We were still reeling from last night's episode of "The Real Housewives of New York," which was a one-way ticket to Crazyville, when we stumbled on a new study about scenes of aggression on television. Turns out that reality TV has it over non-reality programming when it comes to showing acts of aggression. After last night, we're not surprised.
Researchers watched 60 hours worth of five reality shows and 60 hours of five non-reality shows, some American and some UK-based (shows included "The Apprentice," "Big Brother," "The Vicar of Dibley," and "Torchwood"). Acts of aggression were categorized as physical, verbal or relational, and the kind of act (hitting, gossiping, name-calling) was recorded. The researchers also noted if the act was justified or rewarded, if it happened naturally or artificially, and what type of award the aggressor got.
In all, there were 5,099 separate acts of aggression recorded for the study period; reality TV had 3,138 acts, and non-reality TV had 1,961. Although non-reality programming had far more physical acts of aggression than reality TV, all programs had much higher instances of verbal and relational aggression. Reality shows greatly edged out non-reality programming on relational violence; in the paper the authors said, "Such aggression often helps the contestant to 'get ahead' in the program, for example, by defaming another contestant's reputation or by turning contestants against each other. However, the extremely high levels of relational aggression in reality programs are somewhat alarming, given the realistic portrayal of the aggression."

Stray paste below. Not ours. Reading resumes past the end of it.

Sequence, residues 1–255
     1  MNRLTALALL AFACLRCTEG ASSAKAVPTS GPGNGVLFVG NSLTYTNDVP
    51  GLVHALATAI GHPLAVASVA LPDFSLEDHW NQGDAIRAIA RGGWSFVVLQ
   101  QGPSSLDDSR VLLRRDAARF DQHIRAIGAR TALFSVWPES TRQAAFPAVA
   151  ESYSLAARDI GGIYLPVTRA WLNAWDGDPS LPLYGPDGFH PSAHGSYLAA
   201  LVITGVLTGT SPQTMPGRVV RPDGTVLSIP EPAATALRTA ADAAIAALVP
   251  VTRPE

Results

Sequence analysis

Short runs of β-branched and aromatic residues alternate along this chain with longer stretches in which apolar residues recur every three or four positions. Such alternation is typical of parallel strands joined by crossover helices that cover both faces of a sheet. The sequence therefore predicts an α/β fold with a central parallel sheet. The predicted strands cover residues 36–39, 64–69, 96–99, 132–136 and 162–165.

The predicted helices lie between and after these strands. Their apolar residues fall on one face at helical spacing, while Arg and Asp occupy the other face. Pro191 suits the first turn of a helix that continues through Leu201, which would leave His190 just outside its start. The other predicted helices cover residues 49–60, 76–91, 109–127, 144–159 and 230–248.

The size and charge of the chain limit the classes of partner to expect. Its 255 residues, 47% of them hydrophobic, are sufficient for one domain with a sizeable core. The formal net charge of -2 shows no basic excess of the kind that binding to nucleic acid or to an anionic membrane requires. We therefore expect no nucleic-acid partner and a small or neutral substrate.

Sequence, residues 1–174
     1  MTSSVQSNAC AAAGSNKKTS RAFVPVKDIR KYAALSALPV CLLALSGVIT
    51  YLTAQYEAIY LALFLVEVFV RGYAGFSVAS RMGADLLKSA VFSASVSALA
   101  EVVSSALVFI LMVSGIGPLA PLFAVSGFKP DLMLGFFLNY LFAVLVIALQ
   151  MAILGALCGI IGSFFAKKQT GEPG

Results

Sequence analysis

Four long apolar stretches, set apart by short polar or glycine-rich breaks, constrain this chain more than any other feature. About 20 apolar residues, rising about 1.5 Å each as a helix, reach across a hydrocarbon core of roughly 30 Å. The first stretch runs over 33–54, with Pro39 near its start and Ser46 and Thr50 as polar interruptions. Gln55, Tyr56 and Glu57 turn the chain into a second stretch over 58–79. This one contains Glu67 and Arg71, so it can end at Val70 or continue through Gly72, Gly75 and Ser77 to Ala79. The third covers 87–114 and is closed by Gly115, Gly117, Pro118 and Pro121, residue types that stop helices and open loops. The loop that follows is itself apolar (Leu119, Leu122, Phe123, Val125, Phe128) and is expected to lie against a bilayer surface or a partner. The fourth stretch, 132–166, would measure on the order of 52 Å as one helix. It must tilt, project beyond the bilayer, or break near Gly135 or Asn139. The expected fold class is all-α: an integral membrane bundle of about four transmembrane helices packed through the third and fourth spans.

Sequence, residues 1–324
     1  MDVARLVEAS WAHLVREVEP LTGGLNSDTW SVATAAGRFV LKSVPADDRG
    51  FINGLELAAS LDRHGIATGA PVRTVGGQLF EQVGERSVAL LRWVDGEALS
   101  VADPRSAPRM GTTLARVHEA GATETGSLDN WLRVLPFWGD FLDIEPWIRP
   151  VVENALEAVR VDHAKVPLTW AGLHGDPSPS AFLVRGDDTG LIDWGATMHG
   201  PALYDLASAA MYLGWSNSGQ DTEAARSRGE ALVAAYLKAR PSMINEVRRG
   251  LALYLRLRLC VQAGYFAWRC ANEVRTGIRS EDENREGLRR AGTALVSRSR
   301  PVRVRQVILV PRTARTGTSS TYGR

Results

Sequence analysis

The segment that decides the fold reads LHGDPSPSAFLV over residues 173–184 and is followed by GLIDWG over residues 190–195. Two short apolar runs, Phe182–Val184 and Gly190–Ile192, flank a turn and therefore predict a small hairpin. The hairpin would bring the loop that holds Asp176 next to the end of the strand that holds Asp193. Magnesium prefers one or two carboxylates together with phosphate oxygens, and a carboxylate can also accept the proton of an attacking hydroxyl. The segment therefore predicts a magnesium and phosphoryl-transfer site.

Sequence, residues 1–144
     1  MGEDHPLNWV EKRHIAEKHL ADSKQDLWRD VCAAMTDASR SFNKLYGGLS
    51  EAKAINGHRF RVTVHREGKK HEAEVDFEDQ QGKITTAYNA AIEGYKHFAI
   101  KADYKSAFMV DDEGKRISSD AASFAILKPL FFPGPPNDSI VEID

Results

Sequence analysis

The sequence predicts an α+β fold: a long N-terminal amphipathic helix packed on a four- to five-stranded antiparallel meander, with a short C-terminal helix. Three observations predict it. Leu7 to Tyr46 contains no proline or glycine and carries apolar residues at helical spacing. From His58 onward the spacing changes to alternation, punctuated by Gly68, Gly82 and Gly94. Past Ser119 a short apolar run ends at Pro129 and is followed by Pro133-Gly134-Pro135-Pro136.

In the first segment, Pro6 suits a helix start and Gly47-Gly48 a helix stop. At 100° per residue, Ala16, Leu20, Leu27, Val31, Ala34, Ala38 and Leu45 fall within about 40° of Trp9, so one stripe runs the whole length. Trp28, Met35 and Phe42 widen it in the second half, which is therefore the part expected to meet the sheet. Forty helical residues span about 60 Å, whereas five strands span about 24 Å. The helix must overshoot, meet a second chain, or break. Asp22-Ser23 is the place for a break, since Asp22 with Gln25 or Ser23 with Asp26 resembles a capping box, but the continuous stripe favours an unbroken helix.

The UK version of "The Apprentice" had the highest number of aggressive acts per program of the reality shows (about 85), while on the non-reality side that honor went to "Eastenders" (about 50). Although the paper concludes by noting that given the vast appeal of reality programs they're sure to be around for a while, the lead author said in a news release even she was surprised by the findings: "I knew the level of aggression was going to be high, but I had no idea it was going to be this high," said Sarah Coyne, a professor of family life at Brigham Young University in Provo, Utah.
The study appears in the June issue of the Journal of Broadcasting & Electronic Media.
-- Jeannine Stein
Photo: Alan Sugar hosts the UK version of "The Apprentice." Credit: BBC